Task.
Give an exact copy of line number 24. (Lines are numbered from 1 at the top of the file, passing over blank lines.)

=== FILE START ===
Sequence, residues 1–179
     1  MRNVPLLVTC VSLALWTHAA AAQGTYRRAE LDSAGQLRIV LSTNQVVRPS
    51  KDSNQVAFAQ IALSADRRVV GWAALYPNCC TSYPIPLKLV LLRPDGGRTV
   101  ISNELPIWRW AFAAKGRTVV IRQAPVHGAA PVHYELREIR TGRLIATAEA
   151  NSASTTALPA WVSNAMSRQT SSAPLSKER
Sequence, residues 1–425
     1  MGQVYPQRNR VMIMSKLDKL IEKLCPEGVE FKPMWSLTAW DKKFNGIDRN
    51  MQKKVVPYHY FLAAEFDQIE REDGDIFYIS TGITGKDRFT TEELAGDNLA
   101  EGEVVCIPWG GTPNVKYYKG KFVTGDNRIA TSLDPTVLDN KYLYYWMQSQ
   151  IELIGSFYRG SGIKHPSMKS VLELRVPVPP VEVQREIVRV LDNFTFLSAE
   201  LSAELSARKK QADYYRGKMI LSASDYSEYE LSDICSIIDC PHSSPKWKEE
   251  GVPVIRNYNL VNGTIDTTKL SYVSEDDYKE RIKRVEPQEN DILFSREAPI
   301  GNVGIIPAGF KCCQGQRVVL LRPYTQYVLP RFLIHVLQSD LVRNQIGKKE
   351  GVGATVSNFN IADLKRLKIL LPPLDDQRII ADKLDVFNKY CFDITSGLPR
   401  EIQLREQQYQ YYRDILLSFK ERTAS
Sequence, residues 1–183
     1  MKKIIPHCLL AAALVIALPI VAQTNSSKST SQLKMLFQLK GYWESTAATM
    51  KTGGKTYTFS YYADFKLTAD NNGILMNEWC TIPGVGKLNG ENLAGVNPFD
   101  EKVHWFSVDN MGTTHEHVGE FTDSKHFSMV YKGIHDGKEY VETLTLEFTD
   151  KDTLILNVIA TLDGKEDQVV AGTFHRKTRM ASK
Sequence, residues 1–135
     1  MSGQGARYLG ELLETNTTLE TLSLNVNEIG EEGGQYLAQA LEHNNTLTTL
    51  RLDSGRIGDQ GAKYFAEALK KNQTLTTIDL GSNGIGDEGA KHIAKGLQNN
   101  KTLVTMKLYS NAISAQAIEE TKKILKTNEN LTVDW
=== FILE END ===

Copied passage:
   101  KTLVTMKLYS NAISAQAIEE TKKILKTNEN LTVDW